The Justice Department announced a new federal policy Wednesday to help state and local police take cash and property from people suspected of a crime, even without a criminal charge, reversing an Obama administration rule prompted by past abuse by police.
Deputy Attorney General Rod J. Rosenstein said the Justice Department will include more safeguards to prevent the kind of problems that have been documented in the past. Police departments will be required to provide details to the Justice Department about probable cause for seizures, and federal officials will have to more quickly inform property owners about their rights and the status of the seizures.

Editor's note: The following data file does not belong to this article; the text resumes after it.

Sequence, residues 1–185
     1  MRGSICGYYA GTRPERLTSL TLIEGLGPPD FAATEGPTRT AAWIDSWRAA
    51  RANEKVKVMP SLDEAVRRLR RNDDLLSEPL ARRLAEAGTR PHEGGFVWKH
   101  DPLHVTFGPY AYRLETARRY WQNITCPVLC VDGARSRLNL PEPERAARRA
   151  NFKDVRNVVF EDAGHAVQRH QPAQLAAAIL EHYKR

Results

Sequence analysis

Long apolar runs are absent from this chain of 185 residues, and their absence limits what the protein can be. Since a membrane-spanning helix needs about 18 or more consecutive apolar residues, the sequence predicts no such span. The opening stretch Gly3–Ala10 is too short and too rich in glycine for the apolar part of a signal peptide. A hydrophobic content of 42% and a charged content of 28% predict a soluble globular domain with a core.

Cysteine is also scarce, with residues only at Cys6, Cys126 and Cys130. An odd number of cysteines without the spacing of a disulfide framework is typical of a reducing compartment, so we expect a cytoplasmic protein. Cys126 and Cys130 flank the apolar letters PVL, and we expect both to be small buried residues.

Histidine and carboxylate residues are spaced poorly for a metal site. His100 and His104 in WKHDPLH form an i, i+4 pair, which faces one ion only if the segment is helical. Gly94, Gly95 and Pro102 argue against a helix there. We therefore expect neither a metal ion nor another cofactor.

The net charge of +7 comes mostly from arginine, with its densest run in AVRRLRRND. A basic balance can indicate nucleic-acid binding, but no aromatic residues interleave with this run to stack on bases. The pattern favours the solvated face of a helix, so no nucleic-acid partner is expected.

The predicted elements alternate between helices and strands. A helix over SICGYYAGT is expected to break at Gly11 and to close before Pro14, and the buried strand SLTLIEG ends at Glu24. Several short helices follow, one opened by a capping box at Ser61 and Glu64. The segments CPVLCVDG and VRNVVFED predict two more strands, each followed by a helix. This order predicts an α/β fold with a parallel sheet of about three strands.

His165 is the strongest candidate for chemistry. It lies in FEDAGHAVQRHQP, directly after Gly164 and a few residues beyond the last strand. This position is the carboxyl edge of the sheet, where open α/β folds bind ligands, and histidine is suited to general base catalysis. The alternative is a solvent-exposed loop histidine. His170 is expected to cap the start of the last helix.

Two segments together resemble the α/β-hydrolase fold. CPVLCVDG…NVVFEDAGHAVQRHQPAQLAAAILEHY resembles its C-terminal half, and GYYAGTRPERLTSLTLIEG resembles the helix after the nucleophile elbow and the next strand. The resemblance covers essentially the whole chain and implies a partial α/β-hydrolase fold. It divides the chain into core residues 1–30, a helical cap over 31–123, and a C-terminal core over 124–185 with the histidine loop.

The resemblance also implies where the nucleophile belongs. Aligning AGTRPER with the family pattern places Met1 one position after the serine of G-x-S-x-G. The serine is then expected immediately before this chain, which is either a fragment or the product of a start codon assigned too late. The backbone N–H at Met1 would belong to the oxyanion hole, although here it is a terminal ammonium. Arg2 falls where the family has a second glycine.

“The goal here is to empower our police and prosecutors with this important tool that can be used to combat crime, particularly drug abuse,” Rosenstein said at a news briefing. “This is going to enable us to work with local police and our prosecutors to make sure that when assets are lawfully seized that they’re not returned to criminals when there’s a valid basis for them to be forfeited.”
Related: Jeff Sessions’s Justice Department turns a $65 million asset forfeiture spigot back on
Two years ago, then-Attorney General Eric H. Holder Jr. barred state and local police from using ...